So much for blood sausage.
I wrote a post several weeks ago about a certain sandwich with a suspicious black filling. It belonged to one of my daughter's kindergarten classmates, "Esteban." At the time, I thought Esteban was Spanish (turns out he's Colombian), and thus suspected the ominous black goo in between the slices of white bread to be blood sausage, or blood something, given that Spain heartily embraces blood in many culinary forms. For all I know, the Spaniards embrace other bodily fluids, too, but to be honest, I'd rather not know about this. Eating blood is about all I can stomach on an early Sunday morning.
Yesterday, I went to the source: Esteban's mother. Just as I suspected, she was more than happy to talk about her son's diet. If you're a mother, you understand this. We mothers can converse for marathon amounts of time regarding what our children will and will not eat. We lament, but we also brag: Would you believe my daughter only eats four things, but one of them is calamari? Or: my son only eats food that's brown, but he will eat sushi rolls as long as I take out the fish, the avocado and scrape the rice off the outside because it reminds him of bugs. That sort of thing.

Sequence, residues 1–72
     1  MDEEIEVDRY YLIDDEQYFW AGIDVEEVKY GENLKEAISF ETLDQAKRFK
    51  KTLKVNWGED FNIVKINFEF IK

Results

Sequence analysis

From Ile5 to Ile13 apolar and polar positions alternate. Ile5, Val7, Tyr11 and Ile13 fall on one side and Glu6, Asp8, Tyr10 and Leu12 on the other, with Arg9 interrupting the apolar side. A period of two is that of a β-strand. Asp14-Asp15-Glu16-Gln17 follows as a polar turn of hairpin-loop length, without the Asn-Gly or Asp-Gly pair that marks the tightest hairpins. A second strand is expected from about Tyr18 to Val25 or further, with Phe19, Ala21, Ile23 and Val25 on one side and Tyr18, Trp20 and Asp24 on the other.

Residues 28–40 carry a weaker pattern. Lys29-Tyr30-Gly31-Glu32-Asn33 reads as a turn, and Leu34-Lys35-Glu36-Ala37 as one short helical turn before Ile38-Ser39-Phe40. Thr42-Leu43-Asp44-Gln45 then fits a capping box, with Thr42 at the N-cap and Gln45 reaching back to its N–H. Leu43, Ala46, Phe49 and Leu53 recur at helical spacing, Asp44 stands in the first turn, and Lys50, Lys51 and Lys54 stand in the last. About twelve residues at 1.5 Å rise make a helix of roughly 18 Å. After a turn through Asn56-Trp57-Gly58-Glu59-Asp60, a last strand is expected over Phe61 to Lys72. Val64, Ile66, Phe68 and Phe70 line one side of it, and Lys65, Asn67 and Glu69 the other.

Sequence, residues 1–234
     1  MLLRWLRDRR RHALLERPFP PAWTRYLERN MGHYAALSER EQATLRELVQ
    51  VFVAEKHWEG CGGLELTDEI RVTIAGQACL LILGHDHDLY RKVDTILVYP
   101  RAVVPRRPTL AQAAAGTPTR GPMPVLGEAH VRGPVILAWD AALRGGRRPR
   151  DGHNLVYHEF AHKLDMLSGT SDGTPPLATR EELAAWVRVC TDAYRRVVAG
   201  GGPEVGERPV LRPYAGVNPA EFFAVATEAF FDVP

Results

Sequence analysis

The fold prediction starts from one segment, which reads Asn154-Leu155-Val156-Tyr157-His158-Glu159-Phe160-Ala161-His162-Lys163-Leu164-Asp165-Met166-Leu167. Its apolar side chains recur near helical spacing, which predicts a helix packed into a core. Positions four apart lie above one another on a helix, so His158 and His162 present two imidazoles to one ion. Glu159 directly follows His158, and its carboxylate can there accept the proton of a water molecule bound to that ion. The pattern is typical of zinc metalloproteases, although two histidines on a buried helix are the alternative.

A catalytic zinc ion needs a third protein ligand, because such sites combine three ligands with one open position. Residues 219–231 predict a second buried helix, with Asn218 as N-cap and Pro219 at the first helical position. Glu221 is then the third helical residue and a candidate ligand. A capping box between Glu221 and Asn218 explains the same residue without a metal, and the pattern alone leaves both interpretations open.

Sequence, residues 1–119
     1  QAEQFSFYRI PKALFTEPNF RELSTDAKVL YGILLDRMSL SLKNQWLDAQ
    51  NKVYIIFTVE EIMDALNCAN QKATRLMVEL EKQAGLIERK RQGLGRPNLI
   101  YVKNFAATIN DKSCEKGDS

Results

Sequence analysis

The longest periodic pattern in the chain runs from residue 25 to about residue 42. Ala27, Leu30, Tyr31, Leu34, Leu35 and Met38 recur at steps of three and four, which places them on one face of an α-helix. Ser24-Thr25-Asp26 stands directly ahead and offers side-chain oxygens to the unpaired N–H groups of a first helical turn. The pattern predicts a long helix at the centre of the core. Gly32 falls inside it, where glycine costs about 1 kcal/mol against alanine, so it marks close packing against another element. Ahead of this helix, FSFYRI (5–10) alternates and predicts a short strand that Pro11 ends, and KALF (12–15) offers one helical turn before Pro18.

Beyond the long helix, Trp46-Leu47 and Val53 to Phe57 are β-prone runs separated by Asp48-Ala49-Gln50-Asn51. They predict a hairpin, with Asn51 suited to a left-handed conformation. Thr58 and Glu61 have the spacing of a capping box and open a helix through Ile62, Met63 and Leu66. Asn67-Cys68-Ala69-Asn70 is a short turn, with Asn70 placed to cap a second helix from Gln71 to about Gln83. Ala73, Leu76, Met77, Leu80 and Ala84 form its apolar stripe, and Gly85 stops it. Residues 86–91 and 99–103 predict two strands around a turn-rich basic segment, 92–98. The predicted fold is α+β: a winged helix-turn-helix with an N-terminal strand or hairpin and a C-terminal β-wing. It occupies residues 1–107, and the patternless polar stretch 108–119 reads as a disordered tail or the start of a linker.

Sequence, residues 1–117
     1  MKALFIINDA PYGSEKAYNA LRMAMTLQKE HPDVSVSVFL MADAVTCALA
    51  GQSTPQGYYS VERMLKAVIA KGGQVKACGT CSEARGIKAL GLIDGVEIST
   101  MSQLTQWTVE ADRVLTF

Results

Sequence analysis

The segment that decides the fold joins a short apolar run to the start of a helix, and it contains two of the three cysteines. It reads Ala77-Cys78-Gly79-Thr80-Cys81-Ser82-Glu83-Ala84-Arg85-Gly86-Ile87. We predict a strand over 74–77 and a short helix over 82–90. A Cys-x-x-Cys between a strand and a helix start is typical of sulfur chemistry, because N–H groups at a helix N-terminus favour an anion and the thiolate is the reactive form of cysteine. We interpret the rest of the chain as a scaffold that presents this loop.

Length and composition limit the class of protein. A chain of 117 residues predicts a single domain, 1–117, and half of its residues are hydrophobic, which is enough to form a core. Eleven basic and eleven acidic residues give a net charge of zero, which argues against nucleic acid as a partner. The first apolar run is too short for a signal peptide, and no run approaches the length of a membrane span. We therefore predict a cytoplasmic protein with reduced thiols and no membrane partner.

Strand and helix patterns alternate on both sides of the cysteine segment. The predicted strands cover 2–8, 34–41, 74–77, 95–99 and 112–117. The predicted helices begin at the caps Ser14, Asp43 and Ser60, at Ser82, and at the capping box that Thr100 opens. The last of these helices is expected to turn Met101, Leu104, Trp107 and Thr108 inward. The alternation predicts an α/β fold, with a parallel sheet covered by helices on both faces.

She told me that beans are a big part of the Colombian diet, but that's not why she makes Esteban these frankly unappetizing black bean sandwiches. It turns out the filling, which is mashed, cooked black beans to which she adds a pinch of brown sugar and some chopped spinach, is like edible superglue. Esteban has a habit of deconstructing his sandwiches and throwing the filling in the garbage. But one would need a crowbar to pry apart a sandwich made with black bean mortar. Plus, Esteban likes the taste.
So there you have it. A problem-solving mother with the creative genius to turn two pieces of white bread into a meal both the American Academy of Pediatrics and the International Federation of Bodybuilders would heartily endorse. Mothers do know best.